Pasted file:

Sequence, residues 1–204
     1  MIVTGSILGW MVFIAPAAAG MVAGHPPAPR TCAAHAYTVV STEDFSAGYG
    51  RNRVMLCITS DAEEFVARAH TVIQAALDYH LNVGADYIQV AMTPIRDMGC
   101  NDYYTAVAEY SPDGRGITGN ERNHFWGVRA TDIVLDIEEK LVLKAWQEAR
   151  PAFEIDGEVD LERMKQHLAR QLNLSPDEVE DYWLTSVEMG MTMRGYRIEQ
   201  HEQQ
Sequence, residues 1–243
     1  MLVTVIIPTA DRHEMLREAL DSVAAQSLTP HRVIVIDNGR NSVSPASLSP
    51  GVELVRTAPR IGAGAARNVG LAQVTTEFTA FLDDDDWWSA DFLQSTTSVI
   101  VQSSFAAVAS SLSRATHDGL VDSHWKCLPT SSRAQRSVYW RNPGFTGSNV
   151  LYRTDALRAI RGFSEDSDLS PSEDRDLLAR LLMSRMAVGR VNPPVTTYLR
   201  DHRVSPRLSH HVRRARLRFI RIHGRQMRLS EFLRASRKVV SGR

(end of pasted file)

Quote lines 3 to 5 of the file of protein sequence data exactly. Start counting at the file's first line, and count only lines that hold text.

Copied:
    51  RNRVMLCITS DAEEFVARAH TVIQAALDYH LNVGADYIQV AMTPIRDMGC
   101  NDYYTAVAEY SPDGRGITGN ERNHFWGVRA TDIVLDIEEK LVLKAWQEAR
   151  PAFEIDGEVD LERMKQHLAR QLNLSPDEVE DYWLTSVEMG MTMRGYRIEQ